We’re Going On a Syllable Hunt

Aside from being fun (and trust me, it is!) clapping or tapping out syllables is also an important pre-reading skill.  It helps children notice that words are made up of sounds.  The word “elephant”, for instance, has three syllables: /el/  /e/  /phant/.  The word “cat” has just one: /cat/.


“We’re Going on a Syllable Hunt” gives children the chance to burn off some energy as they practice tapping out the syllables in different objects.  To play, pull out two paper towel tubes from your recycling bin.  Tell your child that you are going to break words apart into special sounds called syllables.  Then, place one paper towel tube in each of your hands and tap out several words for her.  For instance, you might say, “/goat/” and tap your tubes down once.  Or you could say, “/hel/  /i/  /cop/  /ter/” as you tap your tubes down four times.


Give your child the tubes and work together to tap out the syllables in several more words.


Note: I should mention that I invited C (age 2.5) to model for this activity because he’s just so darn cute.  He’s still not yet ready to tap out syllables though.  If your child is frustrated after she tries breaking apart several words, I encourage you to stop the activity and try it again in a few months.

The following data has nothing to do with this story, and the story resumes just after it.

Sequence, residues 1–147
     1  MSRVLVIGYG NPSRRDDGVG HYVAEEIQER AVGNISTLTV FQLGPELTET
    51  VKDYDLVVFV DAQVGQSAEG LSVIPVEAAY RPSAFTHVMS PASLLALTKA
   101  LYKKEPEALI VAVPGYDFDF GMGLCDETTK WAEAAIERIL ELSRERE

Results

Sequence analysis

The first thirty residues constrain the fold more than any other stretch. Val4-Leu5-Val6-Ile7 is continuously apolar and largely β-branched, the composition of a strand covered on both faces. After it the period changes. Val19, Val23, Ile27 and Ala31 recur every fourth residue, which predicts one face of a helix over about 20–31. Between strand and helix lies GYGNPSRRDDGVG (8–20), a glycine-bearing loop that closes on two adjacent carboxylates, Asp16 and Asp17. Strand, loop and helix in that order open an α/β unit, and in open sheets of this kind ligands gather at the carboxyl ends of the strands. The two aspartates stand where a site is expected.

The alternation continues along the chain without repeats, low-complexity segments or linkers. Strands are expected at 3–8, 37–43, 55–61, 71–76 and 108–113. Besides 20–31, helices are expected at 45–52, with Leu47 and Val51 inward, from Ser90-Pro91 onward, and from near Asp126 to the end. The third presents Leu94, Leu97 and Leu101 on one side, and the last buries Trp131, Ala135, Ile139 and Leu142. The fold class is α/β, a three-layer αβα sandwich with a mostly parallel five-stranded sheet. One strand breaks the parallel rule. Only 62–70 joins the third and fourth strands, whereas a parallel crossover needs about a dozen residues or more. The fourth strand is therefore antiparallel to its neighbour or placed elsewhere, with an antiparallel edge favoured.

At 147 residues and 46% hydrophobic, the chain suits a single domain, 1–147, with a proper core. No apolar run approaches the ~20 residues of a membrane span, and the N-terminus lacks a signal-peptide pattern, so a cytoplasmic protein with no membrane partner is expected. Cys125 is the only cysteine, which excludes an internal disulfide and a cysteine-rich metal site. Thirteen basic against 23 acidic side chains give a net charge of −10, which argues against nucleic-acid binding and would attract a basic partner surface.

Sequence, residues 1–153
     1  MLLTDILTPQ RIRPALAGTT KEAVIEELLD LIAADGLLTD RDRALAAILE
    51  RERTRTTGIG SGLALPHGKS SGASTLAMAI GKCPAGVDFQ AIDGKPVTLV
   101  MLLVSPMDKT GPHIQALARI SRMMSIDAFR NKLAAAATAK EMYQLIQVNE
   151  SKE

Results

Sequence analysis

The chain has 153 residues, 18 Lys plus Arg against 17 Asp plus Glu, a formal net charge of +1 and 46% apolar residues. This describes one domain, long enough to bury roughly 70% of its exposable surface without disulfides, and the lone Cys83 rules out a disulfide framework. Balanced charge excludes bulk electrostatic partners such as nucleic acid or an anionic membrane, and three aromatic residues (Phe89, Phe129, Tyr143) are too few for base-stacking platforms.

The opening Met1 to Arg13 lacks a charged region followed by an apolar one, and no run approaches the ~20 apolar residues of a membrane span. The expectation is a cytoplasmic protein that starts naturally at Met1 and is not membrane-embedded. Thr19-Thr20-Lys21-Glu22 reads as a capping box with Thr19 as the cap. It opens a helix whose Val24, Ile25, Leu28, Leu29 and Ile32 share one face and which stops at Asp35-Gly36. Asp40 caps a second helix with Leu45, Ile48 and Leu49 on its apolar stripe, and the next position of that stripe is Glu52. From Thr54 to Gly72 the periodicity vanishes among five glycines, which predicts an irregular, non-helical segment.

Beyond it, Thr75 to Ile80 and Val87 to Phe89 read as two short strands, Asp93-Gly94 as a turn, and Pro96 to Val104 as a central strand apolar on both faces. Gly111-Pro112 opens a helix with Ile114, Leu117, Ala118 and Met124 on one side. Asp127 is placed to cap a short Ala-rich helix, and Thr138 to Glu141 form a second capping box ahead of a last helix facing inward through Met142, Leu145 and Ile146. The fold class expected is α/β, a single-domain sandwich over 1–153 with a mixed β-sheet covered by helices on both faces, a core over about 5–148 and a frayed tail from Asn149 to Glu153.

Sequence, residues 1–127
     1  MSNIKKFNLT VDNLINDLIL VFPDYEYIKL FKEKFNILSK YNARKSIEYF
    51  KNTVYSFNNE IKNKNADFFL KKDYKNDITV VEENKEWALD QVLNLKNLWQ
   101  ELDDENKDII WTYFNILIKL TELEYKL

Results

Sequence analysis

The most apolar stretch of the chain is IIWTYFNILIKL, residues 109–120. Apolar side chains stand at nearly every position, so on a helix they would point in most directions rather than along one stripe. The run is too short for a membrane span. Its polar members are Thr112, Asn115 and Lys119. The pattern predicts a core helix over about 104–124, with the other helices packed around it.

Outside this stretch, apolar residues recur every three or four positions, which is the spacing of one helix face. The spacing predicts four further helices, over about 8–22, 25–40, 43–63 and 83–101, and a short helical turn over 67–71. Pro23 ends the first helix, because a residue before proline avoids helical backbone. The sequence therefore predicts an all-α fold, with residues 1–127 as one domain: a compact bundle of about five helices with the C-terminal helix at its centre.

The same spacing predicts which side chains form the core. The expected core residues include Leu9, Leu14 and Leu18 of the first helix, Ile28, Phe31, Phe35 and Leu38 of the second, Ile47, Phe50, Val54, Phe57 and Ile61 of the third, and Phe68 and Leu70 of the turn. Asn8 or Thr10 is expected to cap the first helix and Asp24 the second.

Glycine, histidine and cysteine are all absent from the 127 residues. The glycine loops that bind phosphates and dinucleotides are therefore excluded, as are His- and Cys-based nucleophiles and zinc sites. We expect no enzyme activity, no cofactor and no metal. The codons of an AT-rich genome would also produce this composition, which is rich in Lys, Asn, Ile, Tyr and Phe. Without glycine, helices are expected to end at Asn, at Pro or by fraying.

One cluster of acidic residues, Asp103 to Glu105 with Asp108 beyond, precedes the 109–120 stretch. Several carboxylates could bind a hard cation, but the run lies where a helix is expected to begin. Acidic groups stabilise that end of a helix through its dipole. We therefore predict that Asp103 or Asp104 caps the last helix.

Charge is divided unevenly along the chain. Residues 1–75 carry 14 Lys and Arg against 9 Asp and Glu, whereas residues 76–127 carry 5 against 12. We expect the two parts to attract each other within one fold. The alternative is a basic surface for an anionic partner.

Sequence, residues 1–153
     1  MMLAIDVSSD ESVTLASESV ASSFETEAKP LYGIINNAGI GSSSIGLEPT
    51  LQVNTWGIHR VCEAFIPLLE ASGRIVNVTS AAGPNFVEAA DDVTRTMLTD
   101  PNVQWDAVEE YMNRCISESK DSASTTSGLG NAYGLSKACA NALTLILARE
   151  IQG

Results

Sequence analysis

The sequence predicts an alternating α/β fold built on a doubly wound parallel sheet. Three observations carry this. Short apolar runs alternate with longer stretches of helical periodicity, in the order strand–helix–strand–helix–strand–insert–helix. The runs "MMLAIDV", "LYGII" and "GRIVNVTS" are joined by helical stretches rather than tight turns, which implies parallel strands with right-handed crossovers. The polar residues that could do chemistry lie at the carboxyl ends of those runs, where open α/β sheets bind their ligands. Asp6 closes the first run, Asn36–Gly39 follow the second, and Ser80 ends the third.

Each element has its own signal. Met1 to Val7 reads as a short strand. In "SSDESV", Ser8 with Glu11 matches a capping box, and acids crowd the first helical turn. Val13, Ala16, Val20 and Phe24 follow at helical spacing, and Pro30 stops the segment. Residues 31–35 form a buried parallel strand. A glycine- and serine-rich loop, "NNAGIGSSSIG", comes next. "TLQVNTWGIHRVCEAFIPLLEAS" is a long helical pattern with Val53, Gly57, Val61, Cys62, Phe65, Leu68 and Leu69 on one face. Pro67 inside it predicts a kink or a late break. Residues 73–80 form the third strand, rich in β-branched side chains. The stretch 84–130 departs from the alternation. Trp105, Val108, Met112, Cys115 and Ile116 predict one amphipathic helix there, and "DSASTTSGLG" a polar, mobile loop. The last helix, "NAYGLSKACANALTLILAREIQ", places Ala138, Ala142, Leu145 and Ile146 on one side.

Now comes the fun… Send your child on a syllable hunt in your backyard, the park or (on cold rainy days) in your house.  As she wanders around, encourage her to tap out the objects she sees.  For example:

/tree/ OR /branch/


/wa/ /gon/


/sand/ /box/


“Hunting” for syllables will help your child burn off a little energy, practice breaking words into separate sounds and show her that every word she can think of is made up of syllables.  It’s a winning combination!


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Malia Hollowell

Malia Hollowell

Malia is a National Board Certified elementary teacher turned stay at home mom to three young kids {5, 3 and 1}. She earned her Bachelor’s and Master’s in Education {go Stanford Cardinal!} and spent seven years teaching in a classroom before taking time off to raise her little ones.
Malia Hollowell

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